For illustration purposes, Members may recall that when I asked the witnesses representing the Centre for Financial Crime and Security Studies at the Royal United Services Institute, Corruption Watch, Global Witness and Transparency International a question about whether they felt that—in their experience—the resources were available to do the job, there was a bit of a tumbleweed moment, with sideways looks at one another. I read the clear body language—and you do not have to be an experienced psychologist to have spotted it—that in their experience they felt that there clearly were not enough resources, and that they felt that that would hinder the enforcement agencies in doing their job. In response to the question from my hon. Friend for Ealing Central and Acton about the adequacy of resources, the director of the Centre for Financial Crime and Security Studies Mr Keatinge said:

“Resourcing is clearly a major issue. Cynically, one of the reasons for involving the private sector is to harness it to do some of the work…I do not believe we have the resources that we need.” ––[Official Report, Criminal Finances Public Bill Committee, 15 November 2016; c. 69-70, Q150.]

I accept that that is a view, but it is a view that has been reached after asking expert witnesses. We at least have to listen to them and take on board some of the concerns that they had. Moreover, when I followed up with the representative from the Metropolitan Police Authority, the National Crime Agency and the National Police Chiefs Council earlier the response to the hon. Member for Portsmouth South, I felt that they had begun to row back a little on their own equivocal answer to the hon. Lady.

That is why it is paramount that the professionals, and those whose day to day job is to tackle financial crime adequately, are adequately equipped with the resources to do the job. That is why we have to challenge them, and it is our responsibility to challenge them. In a sense, it is Parliament’s responsibility to challenge the Government and the Executive, and one of the best ways of doing that is for the information to be reported directly, rather than articulated through some sort of pontifical process to Parliament. I can inform Members now—I do not think I have to, but I will—that the people the law enforcement agencies are trying to catch are ahead of the game in relation to the crimes that they are committing, and we need to ensure that the enforcement agencies have the resources to do the job.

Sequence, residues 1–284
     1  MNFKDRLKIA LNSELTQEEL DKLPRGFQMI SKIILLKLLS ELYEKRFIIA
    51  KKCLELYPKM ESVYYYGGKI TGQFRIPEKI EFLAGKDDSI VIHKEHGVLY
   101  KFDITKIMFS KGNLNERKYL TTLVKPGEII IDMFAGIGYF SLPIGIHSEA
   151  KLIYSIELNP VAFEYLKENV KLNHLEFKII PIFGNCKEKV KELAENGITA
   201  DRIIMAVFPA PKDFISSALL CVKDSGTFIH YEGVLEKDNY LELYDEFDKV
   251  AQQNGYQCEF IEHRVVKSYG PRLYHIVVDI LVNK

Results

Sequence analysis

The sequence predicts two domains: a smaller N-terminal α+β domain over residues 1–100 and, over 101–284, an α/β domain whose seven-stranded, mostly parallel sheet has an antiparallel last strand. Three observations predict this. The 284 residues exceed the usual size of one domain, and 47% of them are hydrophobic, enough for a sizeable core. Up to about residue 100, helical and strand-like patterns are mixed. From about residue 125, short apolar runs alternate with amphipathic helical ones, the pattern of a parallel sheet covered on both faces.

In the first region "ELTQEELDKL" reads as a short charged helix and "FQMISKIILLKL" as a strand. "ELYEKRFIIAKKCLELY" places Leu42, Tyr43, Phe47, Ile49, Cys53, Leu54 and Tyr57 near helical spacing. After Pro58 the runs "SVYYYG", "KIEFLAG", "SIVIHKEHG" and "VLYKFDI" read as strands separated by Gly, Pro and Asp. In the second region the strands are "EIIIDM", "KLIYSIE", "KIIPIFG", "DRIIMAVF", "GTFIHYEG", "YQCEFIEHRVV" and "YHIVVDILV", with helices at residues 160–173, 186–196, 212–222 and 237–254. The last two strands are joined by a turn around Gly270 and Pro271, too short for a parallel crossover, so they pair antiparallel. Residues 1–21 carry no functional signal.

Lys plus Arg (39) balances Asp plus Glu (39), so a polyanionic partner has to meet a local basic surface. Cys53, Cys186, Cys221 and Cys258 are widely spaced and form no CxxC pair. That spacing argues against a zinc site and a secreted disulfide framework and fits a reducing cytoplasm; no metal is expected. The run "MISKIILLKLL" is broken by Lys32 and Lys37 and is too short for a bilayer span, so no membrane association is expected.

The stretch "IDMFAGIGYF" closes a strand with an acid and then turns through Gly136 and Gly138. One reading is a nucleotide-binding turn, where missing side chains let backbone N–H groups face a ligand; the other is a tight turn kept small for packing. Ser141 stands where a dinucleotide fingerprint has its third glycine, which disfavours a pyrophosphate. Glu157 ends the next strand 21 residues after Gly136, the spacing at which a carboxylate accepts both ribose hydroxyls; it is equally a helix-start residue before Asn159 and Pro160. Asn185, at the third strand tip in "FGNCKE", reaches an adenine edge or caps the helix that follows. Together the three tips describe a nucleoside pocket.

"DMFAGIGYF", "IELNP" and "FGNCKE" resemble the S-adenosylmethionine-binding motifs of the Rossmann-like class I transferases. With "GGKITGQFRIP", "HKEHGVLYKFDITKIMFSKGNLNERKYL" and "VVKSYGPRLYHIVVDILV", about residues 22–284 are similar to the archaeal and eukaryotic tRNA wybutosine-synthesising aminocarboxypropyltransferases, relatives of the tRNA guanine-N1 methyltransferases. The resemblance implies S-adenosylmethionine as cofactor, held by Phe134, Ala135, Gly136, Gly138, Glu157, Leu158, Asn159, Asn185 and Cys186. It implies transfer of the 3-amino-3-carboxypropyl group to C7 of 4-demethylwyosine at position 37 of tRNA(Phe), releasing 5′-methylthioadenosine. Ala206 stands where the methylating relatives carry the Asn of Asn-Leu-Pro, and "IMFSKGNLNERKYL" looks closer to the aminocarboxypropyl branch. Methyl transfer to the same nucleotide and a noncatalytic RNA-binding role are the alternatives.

A clear example of where annual reporting would be effective is in the oversight of the IT system for SARs, which I know the Minister has referred to as being revamped or changed. As far as I am aware, ELMER is designed to process up to 20,000 suspicious activity reports; it is currently processing up to 381,000 of them. Of those, only 15,000 are looked at in detail, as was noted in the Home Affairs Committee’s fifth report of the 2016-17 Session, “Proceeds of crime”. That raises the question of whether reporting that many SARs is simply over the top, and borne out of caution on the part of banks. If so, then that approach wastes a good deal of time for those doing the reporting, and for the receiving agencies, who have to search through the haystack. Alternatively, if the reporting numbers are, to all intents and purposes, a reasonable reflection of concern that has reached a mutually agreed threshold, that raises another question: why are so many reports being ignored, brushed aside or not acted on? The Minister has reassured us that they are not under his office carpet.

The next question, unsurprisingly, is whether there is a resource deficit that dare not speak its name, especially for witnesses from one of the enforcement agencies that kindly gave evidence to us last week. It is not unreasonable to suggest that, as a result of the Government’s funding levels, SARs are now seen by many private regulators and bodies as a box-ticking exercise that underperforms, at the very least. I recall some witnesses alluding to that. Although the Government have committed to replacing the system, annual reporting to Parliament would ensure that its replacement is effective. If that had been instituted earlier, no doubt it would have shown up the inadequacies of the system, but we are where we are.

It is up to the Minister to take us where we would all like to be. We need well resourced agencies that are able to deliver the tasks set out for them in the Bill. Ultimately, the new clause would allow Parliament to hold the Government to account, through annual reports from professionals and experts on the ground, on their funding of enforcement agencies, and on the impact of that funding on the ability to prevent and disrupt attempts to hide the proceeds of crime. Given the seriousness of the issue we face—the loss of billions of pounds to the Exchequer—that is not too big an ask of the Government.